The first thing people do is pull out their phones or their cameras, without actually checking or asking first. So I feel like I’m on display. And it actually cheapens what I’ve been doing because they’re not getting the real story…
David Ibata is a copyist at the National Gallery of Art. For 4 years he’s been attending the museum’s copyist program in which artists are permitted to illustrate classical works of art within the collection, an occupation not largely filled by Black artists. Museum Visitors are then able to witness as these works are redone. This experience is of course filled with awe of the artistic ability and its likeness to the original work of art, but David’s work is met with curiosity, confusion and contempt.
Exercising artistic license, he began to paint the figures with black flesh tones.
So what was happening was people were complaining to the guards… The security guards are black, they’re just statues. They see a guy like me and they’re like, “thank you.”
As we say in American Studies, “Lets unpack that.” The invisibility of African Americans as staff within the museum is not a new phenomenon, but the conversation is not complete without speaking to the large proportion of African Americans as security or in food services. Statues, that in this scenario, come to life in service to white patrons.
A conversation over coffee––from art to museums, movies to black culture, gentrification to police brutality––collided into the crux of our discussion: the hyperspecialization of difference. With the coming of the new Smithsonian entity on the horizon, the National Museum of African American History and Culture, it is something to consider. Believe you me, I am waiting in excitement for the reveal of what I think will be an amazing contribution to black history and culture. However, we can’t ignore the fact that the need for such dedicated spaces is reconstitution of our place outside of the American story in some sense. It is to exist outside of the realms of “normalcy,” that the prefix “hyper” draws attention. Despite the good work being done to reassert the narratives of minorities, that of Native Indians, LGBTQ, disability and so forth, within these spaces as an appreciation simultaneously reaffirms their locality on the periphery. So when it comes to the work of David Ibata who merely dips his brush and with incredible ability, ‘reimagines’ classical paintings, he often confounds many of the guest. And I am apprehensive to use the term “reimagine” because in some sense he is making black bodies visible which isn’t an untruth although it’s often accompanied by a suspension of belief. It would be akin to having a black James Bond or the backlash that came with the latest version of “Annie” starring Quvenzhané Wallis. The ways in which black folk, and other marginalized groups, are expected without question to be able to relate to the mainstream, but films with majority black actors and actresses, for example, become niche; ineligible to wider audiences and incapable of relating to broader experiences.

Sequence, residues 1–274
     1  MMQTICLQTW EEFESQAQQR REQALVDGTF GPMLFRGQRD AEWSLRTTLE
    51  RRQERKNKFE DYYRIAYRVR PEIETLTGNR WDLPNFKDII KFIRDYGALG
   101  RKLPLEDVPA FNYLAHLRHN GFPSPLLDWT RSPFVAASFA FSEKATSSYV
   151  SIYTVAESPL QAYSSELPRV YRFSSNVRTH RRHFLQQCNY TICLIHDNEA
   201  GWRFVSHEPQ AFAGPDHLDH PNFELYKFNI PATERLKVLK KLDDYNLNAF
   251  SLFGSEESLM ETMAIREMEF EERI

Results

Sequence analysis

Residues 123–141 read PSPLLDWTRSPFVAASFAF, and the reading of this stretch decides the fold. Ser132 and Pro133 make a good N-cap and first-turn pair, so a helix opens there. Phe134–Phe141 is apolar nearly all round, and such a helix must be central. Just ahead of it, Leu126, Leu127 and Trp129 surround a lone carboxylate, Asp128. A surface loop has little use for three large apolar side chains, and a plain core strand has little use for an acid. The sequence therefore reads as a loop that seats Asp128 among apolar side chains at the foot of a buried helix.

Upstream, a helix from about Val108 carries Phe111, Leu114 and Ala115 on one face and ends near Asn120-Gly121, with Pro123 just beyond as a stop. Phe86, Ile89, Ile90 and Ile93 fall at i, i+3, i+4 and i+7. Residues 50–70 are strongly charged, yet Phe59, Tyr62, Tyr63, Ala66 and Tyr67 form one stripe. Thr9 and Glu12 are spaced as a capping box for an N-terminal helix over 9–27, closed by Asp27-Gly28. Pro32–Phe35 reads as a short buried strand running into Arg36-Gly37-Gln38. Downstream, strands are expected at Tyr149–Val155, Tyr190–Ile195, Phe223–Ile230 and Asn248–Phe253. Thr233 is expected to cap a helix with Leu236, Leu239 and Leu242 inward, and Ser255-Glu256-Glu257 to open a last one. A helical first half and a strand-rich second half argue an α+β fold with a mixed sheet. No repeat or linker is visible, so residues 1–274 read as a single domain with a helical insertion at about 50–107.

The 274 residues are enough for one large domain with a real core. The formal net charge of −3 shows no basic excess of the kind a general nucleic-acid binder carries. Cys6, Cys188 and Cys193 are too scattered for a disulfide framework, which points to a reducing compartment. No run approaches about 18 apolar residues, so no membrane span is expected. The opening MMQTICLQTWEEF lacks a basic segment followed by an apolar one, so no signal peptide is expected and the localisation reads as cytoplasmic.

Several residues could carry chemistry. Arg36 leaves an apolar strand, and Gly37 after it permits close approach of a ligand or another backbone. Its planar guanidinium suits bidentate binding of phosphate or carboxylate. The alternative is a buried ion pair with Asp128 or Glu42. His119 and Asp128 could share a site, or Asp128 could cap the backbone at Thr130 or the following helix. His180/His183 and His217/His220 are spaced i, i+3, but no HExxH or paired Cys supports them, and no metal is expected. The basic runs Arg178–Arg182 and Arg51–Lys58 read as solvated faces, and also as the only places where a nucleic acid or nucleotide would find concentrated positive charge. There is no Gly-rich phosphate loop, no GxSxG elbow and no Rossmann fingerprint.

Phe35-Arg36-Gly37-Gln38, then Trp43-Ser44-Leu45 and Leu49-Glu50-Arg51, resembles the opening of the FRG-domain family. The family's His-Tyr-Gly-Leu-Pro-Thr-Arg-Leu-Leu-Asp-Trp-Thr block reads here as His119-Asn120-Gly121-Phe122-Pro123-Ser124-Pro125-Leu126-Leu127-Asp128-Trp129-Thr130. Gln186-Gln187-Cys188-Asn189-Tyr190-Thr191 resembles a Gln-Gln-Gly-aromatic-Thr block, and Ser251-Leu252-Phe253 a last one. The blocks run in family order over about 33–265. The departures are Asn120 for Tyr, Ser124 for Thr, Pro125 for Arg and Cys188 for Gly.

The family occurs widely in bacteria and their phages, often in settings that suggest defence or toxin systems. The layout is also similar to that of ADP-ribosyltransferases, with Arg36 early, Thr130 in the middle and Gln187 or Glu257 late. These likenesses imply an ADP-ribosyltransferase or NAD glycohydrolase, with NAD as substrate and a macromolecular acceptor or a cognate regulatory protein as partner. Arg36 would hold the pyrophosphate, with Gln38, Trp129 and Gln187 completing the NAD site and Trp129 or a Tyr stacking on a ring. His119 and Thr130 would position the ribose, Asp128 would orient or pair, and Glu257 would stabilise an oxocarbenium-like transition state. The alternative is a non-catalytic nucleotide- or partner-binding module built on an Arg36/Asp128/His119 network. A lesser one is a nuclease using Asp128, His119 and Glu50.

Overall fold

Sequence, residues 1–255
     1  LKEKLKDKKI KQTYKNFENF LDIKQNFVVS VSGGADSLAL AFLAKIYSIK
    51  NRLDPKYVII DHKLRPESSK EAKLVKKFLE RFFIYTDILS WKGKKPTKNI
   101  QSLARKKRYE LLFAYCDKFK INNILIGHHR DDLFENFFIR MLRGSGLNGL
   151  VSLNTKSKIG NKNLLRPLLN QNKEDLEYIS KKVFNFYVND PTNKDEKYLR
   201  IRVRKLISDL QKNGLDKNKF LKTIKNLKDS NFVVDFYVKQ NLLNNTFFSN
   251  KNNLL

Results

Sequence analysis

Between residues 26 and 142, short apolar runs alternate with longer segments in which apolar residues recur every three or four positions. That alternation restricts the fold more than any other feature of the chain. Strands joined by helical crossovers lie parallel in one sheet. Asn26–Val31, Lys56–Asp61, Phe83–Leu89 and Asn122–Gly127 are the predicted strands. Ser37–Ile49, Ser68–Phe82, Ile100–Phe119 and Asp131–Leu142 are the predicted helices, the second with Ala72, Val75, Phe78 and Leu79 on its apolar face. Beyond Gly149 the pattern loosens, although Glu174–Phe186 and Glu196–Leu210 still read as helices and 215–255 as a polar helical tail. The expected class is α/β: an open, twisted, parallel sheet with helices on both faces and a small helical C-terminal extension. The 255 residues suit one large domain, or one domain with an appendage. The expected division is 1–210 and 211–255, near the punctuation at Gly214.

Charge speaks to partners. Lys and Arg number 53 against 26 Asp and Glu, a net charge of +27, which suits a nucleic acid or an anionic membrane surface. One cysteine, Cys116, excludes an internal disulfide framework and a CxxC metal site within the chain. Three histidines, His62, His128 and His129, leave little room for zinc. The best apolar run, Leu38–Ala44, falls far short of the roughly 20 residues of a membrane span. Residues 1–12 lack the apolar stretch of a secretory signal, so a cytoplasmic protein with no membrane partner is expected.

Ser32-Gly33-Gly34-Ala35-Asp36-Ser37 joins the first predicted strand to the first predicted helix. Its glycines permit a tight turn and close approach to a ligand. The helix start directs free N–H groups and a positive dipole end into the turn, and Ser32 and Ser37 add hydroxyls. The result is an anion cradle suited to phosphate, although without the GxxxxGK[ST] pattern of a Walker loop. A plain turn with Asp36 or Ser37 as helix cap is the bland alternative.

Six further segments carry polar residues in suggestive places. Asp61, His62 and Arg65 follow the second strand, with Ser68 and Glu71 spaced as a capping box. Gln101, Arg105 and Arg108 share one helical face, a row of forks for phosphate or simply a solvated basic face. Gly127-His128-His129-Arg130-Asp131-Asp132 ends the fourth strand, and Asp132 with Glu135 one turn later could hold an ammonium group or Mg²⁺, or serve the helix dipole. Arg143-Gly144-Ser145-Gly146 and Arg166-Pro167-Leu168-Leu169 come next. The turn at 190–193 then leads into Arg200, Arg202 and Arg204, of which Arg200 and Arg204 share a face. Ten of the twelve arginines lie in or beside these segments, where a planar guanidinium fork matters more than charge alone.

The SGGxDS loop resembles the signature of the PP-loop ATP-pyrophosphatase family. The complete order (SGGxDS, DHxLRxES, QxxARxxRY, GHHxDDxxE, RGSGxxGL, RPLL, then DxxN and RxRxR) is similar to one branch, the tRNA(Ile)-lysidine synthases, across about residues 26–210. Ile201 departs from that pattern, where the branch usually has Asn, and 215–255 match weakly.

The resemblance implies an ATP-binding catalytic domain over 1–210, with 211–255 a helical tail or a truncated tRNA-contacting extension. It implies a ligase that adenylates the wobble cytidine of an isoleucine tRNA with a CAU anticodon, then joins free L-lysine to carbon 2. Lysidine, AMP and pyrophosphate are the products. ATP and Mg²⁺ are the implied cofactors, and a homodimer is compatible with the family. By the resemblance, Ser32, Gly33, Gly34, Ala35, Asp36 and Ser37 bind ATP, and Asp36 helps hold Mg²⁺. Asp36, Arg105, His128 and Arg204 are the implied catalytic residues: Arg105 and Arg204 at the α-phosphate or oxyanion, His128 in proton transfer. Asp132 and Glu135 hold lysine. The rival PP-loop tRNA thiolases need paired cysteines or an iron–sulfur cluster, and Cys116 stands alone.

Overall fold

David and I discussed the above image in detail, and I don’t think there is a better scene of what is the simultaneous erasure and disruption that is black skin. David, despite being at the forefront of the photo, is not the focus. And the high contrast of the photo renders him almost invisible. As he marks one of the figures in the painting with black skin, an onlooker, a white female, observes the painting in utter bafflement. Meanwhile, a rendition of the biblical tale of Daniel in the lions den ironically gestures to them both in the background. Never mind that Daniel, a story set in Africa despite how media chooses to depict Egypt (re: the film “Exodus: Gods and Kings”), is unquestionably illustrated as white. Thankfully, David has been able to have what I like to call “teachable” moments, in which there are people who engage with his work, find inspiration and open themselves up to the possibilities of blackness.
After Eric Gardner died. After Mike Brown Died. I kept thinking to myself how is the museum going to respond to that. Nobody did anything…
Going to art shows was like business as usual. We’re at war right now, so painting the black skin was a way to exorcise the demons.
All of these frustrations, negotiations, and tensions, illuminate through the black flesh tones in David Ibata’s work. Don’t ask why he’s painting them black but begin to wonder why they weren’t there before. Consider what it means to be surrounded by whiteness and then be asked to reconfigure them as they are with so many options to do so. To rarely have the opportunity to paint blackness as royalty and in dignity, and not because they did not exist but that history is told by the winners. That to just imagine them in the narrative is a disruption of time.
There was a moment in the midst of our discussion in which David and I spoke about time-travel, the ways in which art galleries especially beckon us to imagine a different time period. It is a moment I am sure we each have had; to want to time hop to another era just to see what it was like. But our imaginations were halted by the realization of comedian Louis CK’s words.
“Black folk can’t f–– with time.”